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How today’s public fire departments were born from private fire brigades

The evolution of emergency services provided by municipal fire departments and the fire service budget


The first organized public fire service is described in a 1690 book written by Jan van der Heyden, the city fire master of Amsterdam.

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The challenge of fire defense involves finding the right level of protection to prevent conflagrations – a fire defense that efficiently suppresses the frequent small fire while retaining capacity for the occasional large fire. Firefighting in the modern era has included both private companies and public organizations.

The first organized public fire service is described in a 1690 book written by Jan van der Heyden, the city fire master of Amsterdam. The book – the first manual on firefighting – provides descriptions and detailed drawings of fire equipment, pumps and actual building fires.

Van der Heyden first used hoses to move water between portable pumps to fight fires. While his leather fire hose was subject to rot, his small pumps were highly efficient. In fact, the British Royal Navy preferred the small Dutch pumps to the larger English-made versions. Crews were issued individually numbered brass tags which were held by the chief officer during the fire. Only the men whose numbers were recorded as present at the fire received their stipend.

Forming municipal fire departments

The next treatise on firefighting, written in 1830 by James Braidwood, the master of fire engines in the city of Edinburgh, describes the organization of a municipal fire department controlled by the city government. In contrast, the city of London at this time was protected by a consortium of fire brigades funded by the insurance industry.

The concept of insurance underwriting was born in London coffeehouses where ship owners, merchants and financiers met to discuss the perils of shipping goods. One such venue owned by Edward Lloyd evolved into Lloyds of London. A shipper seeking protection from loss would seek individuals to underwrite the venture by providing insurance against potential loss at sea. It is within that context that London chose to address its fire problem with insurance supported fire brigades.

Insurance-based fire protection appears to make good sense, only paid subscribers receive protection. What soon becomes evident under that system is the fact that letting uninsured buildings burn threatens insured buildings. In a densely built city, you simply cannot stand by and allow the fire in one building to spread to adjacent structures. Fire does not respect boundaries or insured vs. the uninsured. London recognized this fact, but they were not ready to drop the insurance brigades entirely. Instead, they hired Braidwood based on his work organizing Edinburgh’s fire service. He thus became the master of the reorganized London Fire Engine Establishment.

Braidwood worked miracles with the numerous insurance brigades to create a disciplined fire defense force. He coined the term “seat of the fire,” instructing his men to advance to the origin of the fire and apply water. He required his men to work in pairs for safety reasons. He also created a mission for the families of fallen firefighters. Buried under a falling wall, he died in an 1861 warehouse fire. Beloved by the people of London, he received one of the largest funerals ever held in the city, with royalty turning out to pay respect.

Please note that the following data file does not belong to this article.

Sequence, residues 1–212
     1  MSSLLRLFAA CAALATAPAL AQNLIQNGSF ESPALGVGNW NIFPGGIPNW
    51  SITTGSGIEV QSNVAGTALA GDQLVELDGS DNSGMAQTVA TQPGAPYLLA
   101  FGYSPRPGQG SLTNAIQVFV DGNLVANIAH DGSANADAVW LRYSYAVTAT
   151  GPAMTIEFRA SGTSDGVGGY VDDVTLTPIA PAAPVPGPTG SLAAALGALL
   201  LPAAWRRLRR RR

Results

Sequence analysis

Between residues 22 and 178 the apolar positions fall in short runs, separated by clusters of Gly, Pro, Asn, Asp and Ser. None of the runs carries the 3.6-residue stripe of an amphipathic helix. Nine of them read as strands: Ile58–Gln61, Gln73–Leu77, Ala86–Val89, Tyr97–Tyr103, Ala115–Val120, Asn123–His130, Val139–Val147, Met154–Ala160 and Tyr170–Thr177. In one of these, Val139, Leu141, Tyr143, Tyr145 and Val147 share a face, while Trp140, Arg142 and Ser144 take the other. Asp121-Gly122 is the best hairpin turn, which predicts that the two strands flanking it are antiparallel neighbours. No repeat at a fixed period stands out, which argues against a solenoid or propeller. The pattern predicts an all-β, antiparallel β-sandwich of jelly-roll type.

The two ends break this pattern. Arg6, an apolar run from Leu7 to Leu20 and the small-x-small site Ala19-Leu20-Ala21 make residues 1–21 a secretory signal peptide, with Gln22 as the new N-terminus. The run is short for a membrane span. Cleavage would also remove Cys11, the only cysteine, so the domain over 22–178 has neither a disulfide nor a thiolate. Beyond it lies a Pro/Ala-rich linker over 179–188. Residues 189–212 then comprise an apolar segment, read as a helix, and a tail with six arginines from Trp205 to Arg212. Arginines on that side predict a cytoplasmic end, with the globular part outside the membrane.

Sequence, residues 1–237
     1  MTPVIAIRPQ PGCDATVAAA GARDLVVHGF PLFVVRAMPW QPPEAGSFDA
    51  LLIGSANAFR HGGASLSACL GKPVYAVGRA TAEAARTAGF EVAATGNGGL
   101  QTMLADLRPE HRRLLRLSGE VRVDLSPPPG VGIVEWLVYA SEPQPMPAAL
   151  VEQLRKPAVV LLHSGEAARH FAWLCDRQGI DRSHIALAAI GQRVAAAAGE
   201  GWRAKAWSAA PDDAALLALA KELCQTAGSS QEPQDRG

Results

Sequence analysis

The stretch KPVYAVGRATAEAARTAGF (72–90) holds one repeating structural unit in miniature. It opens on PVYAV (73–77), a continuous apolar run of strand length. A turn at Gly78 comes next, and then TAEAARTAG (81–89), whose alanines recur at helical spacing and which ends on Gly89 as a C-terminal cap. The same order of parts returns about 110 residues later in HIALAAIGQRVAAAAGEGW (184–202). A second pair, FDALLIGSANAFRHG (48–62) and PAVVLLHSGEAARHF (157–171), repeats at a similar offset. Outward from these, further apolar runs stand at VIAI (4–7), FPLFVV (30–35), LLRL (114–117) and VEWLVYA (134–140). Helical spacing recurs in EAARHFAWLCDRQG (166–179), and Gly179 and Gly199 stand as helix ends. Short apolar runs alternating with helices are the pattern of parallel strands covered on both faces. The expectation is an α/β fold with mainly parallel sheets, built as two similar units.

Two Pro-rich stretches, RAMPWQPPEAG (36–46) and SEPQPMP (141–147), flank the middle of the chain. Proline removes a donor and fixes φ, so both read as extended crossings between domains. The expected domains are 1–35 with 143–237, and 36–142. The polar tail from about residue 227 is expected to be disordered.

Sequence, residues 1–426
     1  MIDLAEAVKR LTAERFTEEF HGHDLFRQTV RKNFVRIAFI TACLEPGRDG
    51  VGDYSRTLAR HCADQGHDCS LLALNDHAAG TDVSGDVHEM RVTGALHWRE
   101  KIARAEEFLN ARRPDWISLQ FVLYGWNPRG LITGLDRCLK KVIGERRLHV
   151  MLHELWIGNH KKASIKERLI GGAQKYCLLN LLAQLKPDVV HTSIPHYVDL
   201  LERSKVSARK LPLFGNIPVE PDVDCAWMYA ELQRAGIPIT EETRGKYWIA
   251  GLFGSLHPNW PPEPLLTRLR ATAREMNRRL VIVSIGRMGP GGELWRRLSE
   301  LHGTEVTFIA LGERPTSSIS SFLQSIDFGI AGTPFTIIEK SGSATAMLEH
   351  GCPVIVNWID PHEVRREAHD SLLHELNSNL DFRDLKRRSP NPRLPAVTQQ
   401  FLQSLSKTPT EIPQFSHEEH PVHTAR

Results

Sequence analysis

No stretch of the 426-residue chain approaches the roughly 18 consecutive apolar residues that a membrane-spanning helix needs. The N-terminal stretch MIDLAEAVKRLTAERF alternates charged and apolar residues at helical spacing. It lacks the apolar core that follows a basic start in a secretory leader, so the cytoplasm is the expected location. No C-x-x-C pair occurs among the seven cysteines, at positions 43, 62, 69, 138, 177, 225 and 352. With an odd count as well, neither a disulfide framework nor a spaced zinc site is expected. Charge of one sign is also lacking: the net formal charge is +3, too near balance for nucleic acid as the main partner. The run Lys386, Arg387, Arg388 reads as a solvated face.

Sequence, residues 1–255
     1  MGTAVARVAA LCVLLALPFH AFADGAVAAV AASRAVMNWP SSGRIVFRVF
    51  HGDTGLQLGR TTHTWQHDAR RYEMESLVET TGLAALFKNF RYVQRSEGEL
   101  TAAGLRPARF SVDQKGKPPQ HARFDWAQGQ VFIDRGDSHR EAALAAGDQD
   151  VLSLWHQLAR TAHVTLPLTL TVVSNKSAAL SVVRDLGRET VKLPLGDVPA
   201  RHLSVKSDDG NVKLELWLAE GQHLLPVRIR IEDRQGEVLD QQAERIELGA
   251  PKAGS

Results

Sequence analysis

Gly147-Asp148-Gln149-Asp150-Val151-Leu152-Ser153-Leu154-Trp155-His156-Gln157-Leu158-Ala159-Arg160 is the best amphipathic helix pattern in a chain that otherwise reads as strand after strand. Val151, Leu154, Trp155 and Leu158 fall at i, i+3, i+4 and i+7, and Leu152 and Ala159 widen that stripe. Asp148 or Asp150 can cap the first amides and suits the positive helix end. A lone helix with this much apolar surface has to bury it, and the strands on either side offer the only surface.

Insurance-based fire protection

The mid-1860s saw London and New York reorganize their firefighting forces, creating metropolitan departments under city government control. Even so, the insurance industry maintained a special salvage corps to work alongside the FDNY in New York City. For all intent and purpose, insurance-based fire protection was inadequate for protecting a large urban city. There was no profit to be made in fighting fires, especially when strategy and tactics dictated that all fires must be suppressed to prevent conflagrations.

The social and economic problems of the 1960s and early-70s placed a strain on municipal budgets. This forced fire chiefs into a position of having to justify department budget requests. The fire service was now clearly competing for tax dollars against the needs of police, schools and public works departments. The problem of justification for fire chiefs was the decline in serious fires after the introduction of affordable smoke detector technology in the 1970s.

In this environment, attempts were made to make the fire service seem more relevant. This was achieved by adding services such as hazmat, EMS and technical rescue to show that firefighters could adapt to change.

But municipal budgets already under stress could not support new services. The answer to funding non-traditional services came from the idea of charging fees to the users of these services. In very general terms, we have now come to view or accept fighting fires as something the community-at-large pays for through taxes, while EMS and other special services are supported through special fees. Because fee collection requires special skills, it has become increasingly necessary for fire departments to contract with the private sector.

Bruce Hensler served as a firefighter from 1976 to 2011 in career, combination and volunteer departments. He previously served as a fire program specialist in the Emergency Response Support Branch of the U.S. Fire Administration, retiring in 2017. He also previously served as deputy director of the operations division for the firefighter training program in Maine. Hensler has a master’s degree in public administration. His interest in history led him to write “Crucible of Fire: Nineteenth-Century Urban Fires and the Making of the Modern Fire Service.” More information about his book is available at Connect with Hensler on LinkedIn.